The grocery store has been eating Suzanne Hales' cash for back-to-school fashions so the single mother of five sought specials on a $500 budget, with the oldest child paying for her own clothes.
"We're just going to shop at Target and grab some socks and stuff at Wal-Mart," the Draper mom said. "There won't be any fun trips to the Gap or stuff like that."
But her discount-store strategy didn't work. The $500 was gone after buying 20 jeans on sale at Old Navy, four pairs of new shoes and two backpacks. Hales' children still needed socks, underwear and a couple of shirts.
She bought them Saturday, with the help of a Target gift card. Her 7-year-old daughter, who can't get more than one pair of new shoes to match her outfits, is complaining.
Many Utah parents will tread the same path as they help their children prepare for the start of the school year. More than 80 percent of Americans plan to spend less on back-to-school clothes this year, according to an online poll this summer that was commissioned by Deloitte LLP, whose companies provide financial, tax and other services.
About 90 percent of the people surveyed said they would shop at discount or value department stores, and 37 percent planned to shop at dollar stores.
"These survey results indicate that consumers will likely stick to the basics this fall, and parents may be saying 'no' more often as they head to the register," Stacy Janiak, Deloitte's U.S. retail leader, said last month in releasing the results of the survey of 5,035 consumers.
The survey, which has a margin of error of 1 percent, attributed the shoppers' pullback to rising food and gas prices. Declining home values and a shaky job market also are making consumers wary of spending much.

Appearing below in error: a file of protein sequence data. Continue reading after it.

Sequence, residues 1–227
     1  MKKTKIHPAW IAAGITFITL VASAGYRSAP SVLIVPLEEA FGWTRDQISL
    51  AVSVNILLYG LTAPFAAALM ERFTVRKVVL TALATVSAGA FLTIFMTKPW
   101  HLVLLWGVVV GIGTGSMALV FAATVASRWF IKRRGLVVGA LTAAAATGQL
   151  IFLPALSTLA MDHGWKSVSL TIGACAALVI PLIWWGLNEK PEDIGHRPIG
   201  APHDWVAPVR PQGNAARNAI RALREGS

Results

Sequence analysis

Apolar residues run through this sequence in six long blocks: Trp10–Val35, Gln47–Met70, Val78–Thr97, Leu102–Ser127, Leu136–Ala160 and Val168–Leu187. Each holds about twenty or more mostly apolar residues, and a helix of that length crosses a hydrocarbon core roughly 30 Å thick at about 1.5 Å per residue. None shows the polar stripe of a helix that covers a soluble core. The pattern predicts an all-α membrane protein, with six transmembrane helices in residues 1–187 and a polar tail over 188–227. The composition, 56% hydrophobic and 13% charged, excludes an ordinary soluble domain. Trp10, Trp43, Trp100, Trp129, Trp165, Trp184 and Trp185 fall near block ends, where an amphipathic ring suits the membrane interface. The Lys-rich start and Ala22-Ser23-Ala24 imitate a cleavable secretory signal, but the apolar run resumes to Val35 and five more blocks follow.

"It will probably be one of the two or three most disappointing back-to-school seasons this decade," said retail consultant Burt Flickinger III, managing director of Strategic Research Group. "It will be very promotional. Consumers are more cash- and credit-constrained than any other time in U.S. history."
Retailers are pulling out all the stops to entice shoppers into their stores during a difficult back-to-school season. Department stores are increasing sales and promotions, Office Depot and Staples are offering supplies for free or for pennies, and Sam's Club is giving college students a $15 gift card if they enroll.
The promotions come after retailers' July sales showed a shift away from clothing and toward food and other basics. Wal-Mart Stores Inc. and Costco Wholesale Corp. posted solid gains for July, but Wal-Mart's sales still fell short of forecasts. Sales at mall stores Limited Brands Inc. and Gap Inc. continue to fall.
Retailers also are having to make tough choices about raising prices because inflation in China is increasing U.S. costs on goods. A quarter of all the clothes sold in the United States and 84 percent of shoes are made in China.
China's producer price index, a measure of inflation, climbed 8.8 percent in June. That helped push U.S. costs on goods from China up 4.8 percent in June, the biggest year-over-year gain since the Labor Department started tracking the data in 2003.
Stores charging 8 percent to 9 percent more for some items are hoping to mask the inflated prices with well-promoted discounts and new merchandise, which is already priced higher, Flickinger said.
"It's a risky strategy, because people who are already buying less at full price will have even more sticker shock and be less inclined," Flickinger said. "This is simply a matter of survival."
In Utah, clothing costs rose 9.7 percent along the Wasatch Front between February and June, according to a consumer price index from Wells Fargo. Food prices, meanwhile, rose 2.7 percent in that time period. And gas prices rose 8 percent between May and June alone.
But the spending forecast might not be all clouds. Crude-oil costs are going down, and that should lower prices at the pump and buoy consumer spending confidence, said Kelly Matthews, economist at Wells Fargo in Salt Lake City.
People also have their economic-stimulus checks, courtesy of the federal government. But analysts note that many consumers have already spent that money, before back-to-school shopping.